Strange Loop

Enso: Composing DSL Interpreters, Languages & Aspects

Enso is an external language workbench with both graphical and textual editing capabilities. Each language is defined by a schema, or the model of its internal representation, which can be rendered either textually via a grammar or graphically via the diagramming DSL, stencil. Behavioral semantics in Enso are defined using model interpreters written in a subset of Ruby and executed in both Ruby and (via translation) JavaScript runtimes.

Enso executes on top of itself: internally, the various components of the workbench, including the schema, grammar and stencil languages, are implemented as a stack of self-describing Enso DSLs. This conceptually elegant self-reflection also has the practical advantage of allowing application developers, toolsmiths, and even Ens? extension builders to share the same toolchain.

The other key strength of Enso is strong support for language reuse across domains. DSLs can be composed, extended or wrapped via inheritance, either directly or in a cross-cutting manner, enabling powerful reuse of its language library. Generic template languages, such as the command language, are routinely extended to served as the backbone for a family of languages.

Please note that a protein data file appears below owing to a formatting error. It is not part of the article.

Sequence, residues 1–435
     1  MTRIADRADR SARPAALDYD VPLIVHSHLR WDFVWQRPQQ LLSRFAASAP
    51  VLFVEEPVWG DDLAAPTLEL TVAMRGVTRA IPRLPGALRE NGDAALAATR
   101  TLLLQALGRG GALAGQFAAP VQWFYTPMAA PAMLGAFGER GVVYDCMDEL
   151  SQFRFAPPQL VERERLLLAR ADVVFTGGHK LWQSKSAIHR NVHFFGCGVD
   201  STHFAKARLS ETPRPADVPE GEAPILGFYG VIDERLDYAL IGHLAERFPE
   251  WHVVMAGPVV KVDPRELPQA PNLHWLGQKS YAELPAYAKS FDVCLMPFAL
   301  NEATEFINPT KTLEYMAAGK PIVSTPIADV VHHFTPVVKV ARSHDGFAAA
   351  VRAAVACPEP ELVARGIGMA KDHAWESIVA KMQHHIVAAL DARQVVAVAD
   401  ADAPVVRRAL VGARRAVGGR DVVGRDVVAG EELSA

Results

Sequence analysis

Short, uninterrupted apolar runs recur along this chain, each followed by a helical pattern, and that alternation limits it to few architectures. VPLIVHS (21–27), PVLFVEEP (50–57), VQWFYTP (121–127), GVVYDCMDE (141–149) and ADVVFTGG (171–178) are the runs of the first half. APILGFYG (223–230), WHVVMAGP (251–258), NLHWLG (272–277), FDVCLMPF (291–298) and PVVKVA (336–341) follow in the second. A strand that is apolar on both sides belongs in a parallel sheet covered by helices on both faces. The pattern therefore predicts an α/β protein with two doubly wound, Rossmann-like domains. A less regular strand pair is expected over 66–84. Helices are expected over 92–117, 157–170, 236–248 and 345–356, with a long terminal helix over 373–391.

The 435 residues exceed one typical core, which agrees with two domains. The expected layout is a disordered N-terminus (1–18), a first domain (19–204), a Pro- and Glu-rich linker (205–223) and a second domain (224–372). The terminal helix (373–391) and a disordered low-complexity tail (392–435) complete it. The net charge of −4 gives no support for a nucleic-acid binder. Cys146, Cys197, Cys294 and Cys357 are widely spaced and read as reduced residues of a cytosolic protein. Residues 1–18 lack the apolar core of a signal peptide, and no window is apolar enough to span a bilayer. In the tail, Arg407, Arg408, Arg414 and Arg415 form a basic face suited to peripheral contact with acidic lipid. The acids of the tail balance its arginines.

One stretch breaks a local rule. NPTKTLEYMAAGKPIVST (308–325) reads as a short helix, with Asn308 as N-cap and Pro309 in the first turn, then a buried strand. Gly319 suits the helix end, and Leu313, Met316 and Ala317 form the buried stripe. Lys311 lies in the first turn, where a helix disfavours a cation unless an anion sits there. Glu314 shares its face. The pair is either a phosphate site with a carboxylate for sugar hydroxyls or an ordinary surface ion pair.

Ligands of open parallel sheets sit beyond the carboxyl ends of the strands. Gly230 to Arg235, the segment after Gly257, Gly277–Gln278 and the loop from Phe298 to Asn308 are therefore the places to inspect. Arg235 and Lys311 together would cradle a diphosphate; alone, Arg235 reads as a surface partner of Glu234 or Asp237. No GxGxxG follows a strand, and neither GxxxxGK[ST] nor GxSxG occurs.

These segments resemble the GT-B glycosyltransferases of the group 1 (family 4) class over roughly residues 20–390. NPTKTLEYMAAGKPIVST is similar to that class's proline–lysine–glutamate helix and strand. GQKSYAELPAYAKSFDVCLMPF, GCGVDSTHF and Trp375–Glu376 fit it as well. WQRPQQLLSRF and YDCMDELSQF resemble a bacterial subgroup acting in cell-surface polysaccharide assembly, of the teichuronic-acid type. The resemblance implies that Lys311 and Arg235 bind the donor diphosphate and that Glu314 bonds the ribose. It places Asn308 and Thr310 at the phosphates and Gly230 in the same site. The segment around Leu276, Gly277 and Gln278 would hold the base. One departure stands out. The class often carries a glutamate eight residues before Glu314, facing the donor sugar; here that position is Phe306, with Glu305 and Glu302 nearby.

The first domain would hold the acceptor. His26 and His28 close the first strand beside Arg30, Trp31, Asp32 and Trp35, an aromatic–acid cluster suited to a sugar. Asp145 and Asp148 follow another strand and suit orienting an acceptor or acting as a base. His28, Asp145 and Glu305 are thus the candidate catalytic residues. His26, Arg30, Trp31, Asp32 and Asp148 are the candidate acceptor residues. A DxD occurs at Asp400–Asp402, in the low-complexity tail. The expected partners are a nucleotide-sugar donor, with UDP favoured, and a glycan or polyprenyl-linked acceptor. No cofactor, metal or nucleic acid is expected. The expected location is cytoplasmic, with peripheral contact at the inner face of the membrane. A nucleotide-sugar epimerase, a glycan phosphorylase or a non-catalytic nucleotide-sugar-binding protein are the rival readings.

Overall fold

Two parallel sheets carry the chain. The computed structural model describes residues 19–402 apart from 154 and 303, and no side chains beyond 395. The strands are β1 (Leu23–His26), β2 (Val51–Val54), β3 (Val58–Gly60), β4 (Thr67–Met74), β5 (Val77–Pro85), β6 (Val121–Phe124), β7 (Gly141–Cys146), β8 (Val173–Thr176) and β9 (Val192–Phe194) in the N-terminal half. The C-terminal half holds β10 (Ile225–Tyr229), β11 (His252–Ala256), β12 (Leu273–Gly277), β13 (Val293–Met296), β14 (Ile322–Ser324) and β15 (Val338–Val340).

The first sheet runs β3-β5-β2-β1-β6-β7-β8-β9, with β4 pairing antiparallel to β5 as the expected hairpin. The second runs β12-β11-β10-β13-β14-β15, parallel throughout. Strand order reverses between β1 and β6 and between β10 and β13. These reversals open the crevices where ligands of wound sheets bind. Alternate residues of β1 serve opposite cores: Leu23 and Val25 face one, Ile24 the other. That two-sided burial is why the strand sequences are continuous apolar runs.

William Cook

William Cook

University of Texas at Austin

William Cook is an Associate Professor in the Department of Computer Sciences at the University of Texas at Austin. His research is focused on object-oriented programming, programming languages, modeling languages, and the interface between programming languages and databases. Prior to joining UT in 2003, Dr. Cook was Chief Technology Officer and co-founder of Allegis Corporation. He was chief architect for several award-winning products, including the eBusiness Suite at Allegis, the Writer's Solution for Prentice Hall, and the AppleScript language at Apple Computer. At HP Labs his research focused on the foundations of object-oriented languages, including formal models of mixins, inheritance, and typed models of object-oriented languages. He completed his Ph.D. in Computer Science at Brown University in 1989.